Reading Virgil on the New York Stock Exchange Floor

Lower Manhattan, New York City
7a.m. I rest in front of George Washington’s statue at Federal Hall at 26 Wall Street. I sit with my camera bag waiting for the light to move so I can get a good exterior shot of the New York Stock Exchange across the street. I am on assignment this morning recording a segment on the Exchange’s trading floor.

Washington’s statue tells me that he took the Nation’s first Presidential oath of office here on the balcony, the last day of April, 1789. The Stock Market across the street was formally started in May a few years later.

Washington began his inaugural address with a cautious note: “AMONG the vicissitudes incident to life no event could have filled me with greater anxieties than that of which the notification was transmitted by your order….” He was a reluctant leader. He had a distaste for monarchs and dictators. He had resigned as Commander in Chief six years before when, victorious in war, everyone expected him to seize power. But that was Caesar’s story, not Washington’s. He walked away, went home to Martha and Mount Vernon. He wanted a nation ruled by law, not by men so vulnerable to the siren call of power.

George Washington looks out at the New York Stock Exchange

George Washington looks out at the New York Stock Exchange from his eternal perch at Federal Hall

On that spring morning, on the warming balcony on Wall Street, no one expected him to speak, there was no inaugural address precedent. He launched anyway. He wanted the assembled to understand “the weighty and untried cares before me.” He spoke of the “present crisis” and the vulnerabilities of a dawning nation. Washington wanted a strong central government because he wanted many to share power not just one. He believed in the republic ruled by many not the empire ruled by the few, the wealthy, despite being one of the wealthy himself.

I wait for the sun and watch license plates go by that read “The Empire State.”

We’ve long called New York the empire state but lately we seem to be asking of what does this empire consist and whom does it benefit?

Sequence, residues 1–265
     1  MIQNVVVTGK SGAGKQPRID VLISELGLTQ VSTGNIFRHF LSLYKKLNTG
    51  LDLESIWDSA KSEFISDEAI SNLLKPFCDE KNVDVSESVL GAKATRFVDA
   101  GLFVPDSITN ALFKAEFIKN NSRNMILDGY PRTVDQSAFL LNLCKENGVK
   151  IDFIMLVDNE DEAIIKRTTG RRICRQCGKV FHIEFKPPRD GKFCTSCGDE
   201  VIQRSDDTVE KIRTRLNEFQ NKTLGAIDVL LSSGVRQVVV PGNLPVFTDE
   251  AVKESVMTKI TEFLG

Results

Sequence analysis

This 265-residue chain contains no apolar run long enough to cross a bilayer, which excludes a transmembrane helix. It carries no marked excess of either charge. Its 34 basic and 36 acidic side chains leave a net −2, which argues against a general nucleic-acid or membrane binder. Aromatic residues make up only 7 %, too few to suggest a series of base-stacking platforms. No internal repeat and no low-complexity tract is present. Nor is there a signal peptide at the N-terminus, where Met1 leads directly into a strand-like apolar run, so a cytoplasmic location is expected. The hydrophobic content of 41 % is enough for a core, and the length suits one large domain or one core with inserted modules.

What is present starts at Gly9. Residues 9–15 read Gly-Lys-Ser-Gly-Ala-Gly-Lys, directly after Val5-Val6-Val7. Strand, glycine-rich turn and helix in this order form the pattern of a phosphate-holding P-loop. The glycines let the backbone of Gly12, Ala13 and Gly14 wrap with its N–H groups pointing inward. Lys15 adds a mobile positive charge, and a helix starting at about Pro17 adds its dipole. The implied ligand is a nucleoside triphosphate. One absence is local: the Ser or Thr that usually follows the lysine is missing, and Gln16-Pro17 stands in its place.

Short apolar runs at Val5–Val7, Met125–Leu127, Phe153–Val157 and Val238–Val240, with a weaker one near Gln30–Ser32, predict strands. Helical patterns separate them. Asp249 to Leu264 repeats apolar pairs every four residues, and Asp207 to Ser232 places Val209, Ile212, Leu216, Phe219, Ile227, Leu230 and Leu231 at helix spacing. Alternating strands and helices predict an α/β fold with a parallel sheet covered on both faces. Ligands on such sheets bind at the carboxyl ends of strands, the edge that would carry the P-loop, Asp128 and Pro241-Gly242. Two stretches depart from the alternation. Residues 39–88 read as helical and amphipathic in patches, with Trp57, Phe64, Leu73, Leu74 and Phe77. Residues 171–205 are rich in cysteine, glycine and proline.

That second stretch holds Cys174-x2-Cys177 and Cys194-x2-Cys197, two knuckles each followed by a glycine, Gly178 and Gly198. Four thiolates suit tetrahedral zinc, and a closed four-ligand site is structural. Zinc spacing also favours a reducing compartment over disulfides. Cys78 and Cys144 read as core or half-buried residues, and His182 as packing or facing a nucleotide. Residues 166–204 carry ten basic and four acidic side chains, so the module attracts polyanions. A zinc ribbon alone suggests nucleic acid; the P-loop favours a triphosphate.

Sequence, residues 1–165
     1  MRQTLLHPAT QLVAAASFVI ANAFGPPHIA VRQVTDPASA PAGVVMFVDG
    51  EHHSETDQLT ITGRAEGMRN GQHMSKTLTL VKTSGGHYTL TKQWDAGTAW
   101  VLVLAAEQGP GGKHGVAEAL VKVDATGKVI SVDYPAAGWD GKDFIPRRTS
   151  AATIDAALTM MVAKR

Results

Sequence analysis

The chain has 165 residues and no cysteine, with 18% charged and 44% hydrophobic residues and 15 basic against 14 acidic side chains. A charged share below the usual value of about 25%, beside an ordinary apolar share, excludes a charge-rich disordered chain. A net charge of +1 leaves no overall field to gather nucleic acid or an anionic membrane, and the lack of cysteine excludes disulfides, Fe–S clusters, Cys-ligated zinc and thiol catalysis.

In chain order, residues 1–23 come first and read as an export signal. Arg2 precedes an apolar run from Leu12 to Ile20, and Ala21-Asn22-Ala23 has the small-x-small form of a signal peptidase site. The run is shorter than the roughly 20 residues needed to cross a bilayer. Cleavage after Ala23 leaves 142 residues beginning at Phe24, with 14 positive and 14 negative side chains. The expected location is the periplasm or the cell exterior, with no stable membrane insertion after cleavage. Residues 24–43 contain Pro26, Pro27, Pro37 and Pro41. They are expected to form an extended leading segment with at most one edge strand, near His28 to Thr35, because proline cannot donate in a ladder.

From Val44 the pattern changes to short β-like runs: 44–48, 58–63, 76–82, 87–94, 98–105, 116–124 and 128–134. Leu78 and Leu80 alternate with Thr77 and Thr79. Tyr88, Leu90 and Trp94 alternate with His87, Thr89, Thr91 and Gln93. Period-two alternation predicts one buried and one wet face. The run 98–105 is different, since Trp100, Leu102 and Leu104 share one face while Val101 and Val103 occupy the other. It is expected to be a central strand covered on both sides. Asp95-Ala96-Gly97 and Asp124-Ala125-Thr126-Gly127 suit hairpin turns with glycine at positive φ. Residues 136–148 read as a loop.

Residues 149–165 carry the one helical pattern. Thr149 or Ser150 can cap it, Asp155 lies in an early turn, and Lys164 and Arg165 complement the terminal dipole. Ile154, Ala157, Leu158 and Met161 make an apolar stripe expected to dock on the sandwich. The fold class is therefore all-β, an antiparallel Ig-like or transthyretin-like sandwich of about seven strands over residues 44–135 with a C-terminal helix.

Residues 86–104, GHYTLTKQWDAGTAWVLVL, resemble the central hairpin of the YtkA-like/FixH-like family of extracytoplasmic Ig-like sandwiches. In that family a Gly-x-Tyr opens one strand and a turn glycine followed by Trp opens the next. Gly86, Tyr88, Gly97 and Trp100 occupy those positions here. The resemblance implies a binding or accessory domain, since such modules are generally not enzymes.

The New York Post’s headline reads “Sachs of Sh*t.”

In my camera bag I have a copy of Virgil’s Georgics. He wrote the Georgics between the death of the Roman Republic and the birth of Roman Empire. He stood and watched the transition. He watched as Cicero—perhaps the greatest mind the world had ever known and the Senate leader—push back against Marc Anthony and get beheaded for it, his hands severed and nailed to the Rostra of the Forum Romanum, on which the stock exchange building is modeled with large Corinthian columns and imposing classical demeanor.

I pass through security and am ushered to the board room and then to the trading floor so I scope out a location. The trading floor is hushed and deserted. Trading won’t begin for another 90 minutes. My host leaves me alone and returns to her desk. It’s eerily quiet, the floor is wooden and feels like an old gym floor. I walk among the posts looking at blank screens and wait for the floor to fill with traders.

The most famous line of the Georgics is “Labor omnia vicit / improbus” which reads something like “shameful (or dishonest) work conquered all.” The Georgics beg the question of labor that is appropriate and honorable, both to the household and the people. Nowadays we misquote Virgil, change the tense (vicit to vincit), slap it on a motivational poster to read “hard work conquers all” or just “work conquers all.”

It is the state motto of Oklahoma.

Oklahoma State motto

For Virgil, the phrase is something more tender and more vulnerable. It’s a warning, or at least that’s my sense, not unlike the one Washington delivered not far from here that spring day so many years ago.

Virgil writes of plows beaten into swords, of men dishonoring the plow, of leaving the land enamored of empire. He writes of an “impious generation,” of men becoming “strange pale simulacra of human beings.” Ghosts. He writes these lines as Octavian is defeating Anthony; the same spring Octavian begins using the name “Augustus” (the “revered,” “the venerable,” the “majestic” — some translate it as “divine”). Augustus, the “imperator” (the power), and from that word we get emperor and empire.

The trading floor starts humming with traders. They laugh and joke loudly, yelling across the floor at each other in greeting and in jest. There’s two volumes here: silent and a kind of mind-obliterating cacophony.

9a.m. Screens light up. Everything and everyone buzzes. There are so many screens they cast a pale light across the floor. The opening bell approaches. I have to lean in hard to hear the person standing next to me. I see a coterie of people move to the bell platform. My camera is rolling to capture the flow of movement that sweeps the floor at the sound of the bell. Network crews hit their lights and prep for their morning segments.

You can’t help but feel your heartbeat in your temples. I’m startled when the bell goes off. It thunders from above. As it rolls out I can’t shake Virgil’s closing lines to the first Georgic:

It’s as when from the starting line at the track
The chariots break loose. Lap after lap,
Around and around, and the driver pulls on the reins
And it’s no use, and the chariot rushes on,
All out of control…